Who should govern America's public schools? Should public education be led by the president and Congress? State authorities? Or should local school boards -- with access to the local context and community -- be responsible for the quality of public education?
According to the 46th Annual PDK/Gallup Poll of Public Attitudes Toward the Public Schools, 56 percent of the adults surveyed say that local school boards should have the greatest influence in deciding what is taught in the public schools. Only 15 percent -- less than 1/7 of adult respondents -- support federal government assumption of this role.
This year's PDK/Gallup poll elicited Americans' opinions on a wide array of education topics, including Common Core State Standards, student standardized testing, international comparisons, school choice, and school governance issues.
Despite active debate among lawmakers, policymakers, and education leaders, the public's attitudes on federal involvement are clear: The poll states that "a majority of Americans do not support public education initiatives that they believe were created or promoted by federal policy makers." Americans also expressed concern about adequate financial support for our nation's educational system -- nearly one-third cite lack of financial support as key among the biggest problems that public schools in their community must deal with.
What the poll does not tackle -- yet what merits attention -- are the inherent risks of creating a second system of publicly funded education. Vouchers, tuition tax credits, and non locally authorized charters lack transparency and accountability. Under a private system, there is no obligation to neither share student and financial performance data nor adhere to the open meeting requirements that traditional public schools must follow. In addition to siphoning away public funds toward private enterprise, there is little data to support across-the-board performance gains.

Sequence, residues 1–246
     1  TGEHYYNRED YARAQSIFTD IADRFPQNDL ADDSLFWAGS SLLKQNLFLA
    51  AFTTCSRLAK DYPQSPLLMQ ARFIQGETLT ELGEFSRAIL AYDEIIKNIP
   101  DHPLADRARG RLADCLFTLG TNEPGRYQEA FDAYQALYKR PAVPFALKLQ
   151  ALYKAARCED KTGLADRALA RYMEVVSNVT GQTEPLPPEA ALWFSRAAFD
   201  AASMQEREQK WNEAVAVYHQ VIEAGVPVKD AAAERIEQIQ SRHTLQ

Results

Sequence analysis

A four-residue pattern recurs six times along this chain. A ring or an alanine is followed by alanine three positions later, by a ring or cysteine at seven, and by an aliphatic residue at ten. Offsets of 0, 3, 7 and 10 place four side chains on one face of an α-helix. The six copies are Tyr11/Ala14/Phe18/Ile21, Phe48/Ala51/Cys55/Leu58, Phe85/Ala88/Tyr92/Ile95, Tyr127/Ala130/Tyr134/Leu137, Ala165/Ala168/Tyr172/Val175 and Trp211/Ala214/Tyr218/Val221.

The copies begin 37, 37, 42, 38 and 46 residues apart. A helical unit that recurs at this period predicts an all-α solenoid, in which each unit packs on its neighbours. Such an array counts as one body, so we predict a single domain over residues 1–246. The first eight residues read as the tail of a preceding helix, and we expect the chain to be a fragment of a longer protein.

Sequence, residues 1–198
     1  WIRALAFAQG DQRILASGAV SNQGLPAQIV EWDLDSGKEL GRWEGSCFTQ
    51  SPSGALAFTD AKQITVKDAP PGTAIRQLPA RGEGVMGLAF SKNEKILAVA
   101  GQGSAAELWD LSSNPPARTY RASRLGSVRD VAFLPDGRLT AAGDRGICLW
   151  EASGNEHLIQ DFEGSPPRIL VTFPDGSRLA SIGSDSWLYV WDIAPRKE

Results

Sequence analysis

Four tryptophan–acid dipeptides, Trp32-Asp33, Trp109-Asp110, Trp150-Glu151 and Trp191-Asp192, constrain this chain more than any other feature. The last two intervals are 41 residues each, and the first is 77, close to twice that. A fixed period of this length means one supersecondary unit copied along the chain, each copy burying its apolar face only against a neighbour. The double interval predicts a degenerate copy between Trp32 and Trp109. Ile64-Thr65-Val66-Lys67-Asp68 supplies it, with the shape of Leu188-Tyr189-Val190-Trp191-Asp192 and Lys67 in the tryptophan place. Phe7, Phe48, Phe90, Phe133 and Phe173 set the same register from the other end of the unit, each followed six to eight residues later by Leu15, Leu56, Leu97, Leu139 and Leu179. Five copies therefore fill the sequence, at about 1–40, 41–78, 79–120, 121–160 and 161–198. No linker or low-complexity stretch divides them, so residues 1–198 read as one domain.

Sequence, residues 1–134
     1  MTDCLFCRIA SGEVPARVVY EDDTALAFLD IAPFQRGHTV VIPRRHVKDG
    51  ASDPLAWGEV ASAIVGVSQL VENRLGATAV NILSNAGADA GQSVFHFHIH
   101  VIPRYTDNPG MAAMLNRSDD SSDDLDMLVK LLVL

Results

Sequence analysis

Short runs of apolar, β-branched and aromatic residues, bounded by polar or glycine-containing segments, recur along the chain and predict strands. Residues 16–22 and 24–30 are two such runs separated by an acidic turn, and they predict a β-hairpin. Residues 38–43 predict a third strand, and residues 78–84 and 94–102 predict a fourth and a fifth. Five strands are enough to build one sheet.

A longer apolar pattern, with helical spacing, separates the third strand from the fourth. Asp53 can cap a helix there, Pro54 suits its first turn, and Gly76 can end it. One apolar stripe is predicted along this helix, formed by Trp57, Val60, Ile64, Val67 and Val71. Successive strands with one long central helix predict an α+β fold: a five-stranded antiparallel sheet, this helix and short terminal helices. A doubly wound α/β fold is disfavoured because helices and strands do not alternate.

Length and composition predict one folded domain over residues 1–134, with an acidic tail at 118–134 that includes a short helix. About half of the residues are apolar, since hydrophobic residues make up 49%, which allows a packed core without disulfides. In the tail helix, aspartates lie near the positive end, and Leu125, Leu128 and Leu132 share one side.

So what should happen next? To quote William J. Bushaw, Chief Executive Officer, PDK International, "Do we recognize and act upon emerging public opinion and return more control to states and local school districts ... or do we follow the current path, maintaining a significant federal role ... even if we know that Americans are increasingly rejecting this approach?"
The public has voiced concern over what NSBA has long argued, that we must define an appropriate federal role in education. What the public correctly identifies is that federal intrusion has no place in America's classrooms.
As the report itself lays claim, these findings "have serious consequences for this nation's system of public education." After documenting numerous conflicts among national and state policy and the public's attitudes, the authors question: "Is it time to go back to the drawing board for school reform?"
How we answer this critical question greatly impacts students' futures and pathways to achievement.
In a companion analysis to the poll, PDK International's Bushaw argues that "every child is unique, and that it is our responsibility to prepare them for success in their careers and in their lives."
Public schools in local communities across America hold themselves accountable to deliver a world-class education to each child. Asked to give a grade of "A", "B", "C", "D", or "FAIL" to the school attended by their oldest child, 67 percent of public school parents or guardians gave local schools a grade of "A & B."
At a national level, our efforts should focus on individualizing instruction and protecting the civil rights of all students. What ultimately has the greatest power to improve education are state and federal lawmakers committed to public education and the goals of the local schools they serve. Perhaps it is this very lack of definition -- the perception of a misguided approach to public education policy -- that manifested itself in the lower scores Americans gave public schools nationally.
The public has spoken -- but are America's lawmakers and policymakers listening? Only through a clearly defined and appropriate federal role, a willingness to explore a revised charge of the U.S. Department of Education, and placing primary responsibility for education in the hands of locally elected school boards who clearly have the greatest confidence of the public, will school reform efforts thrive at local levels.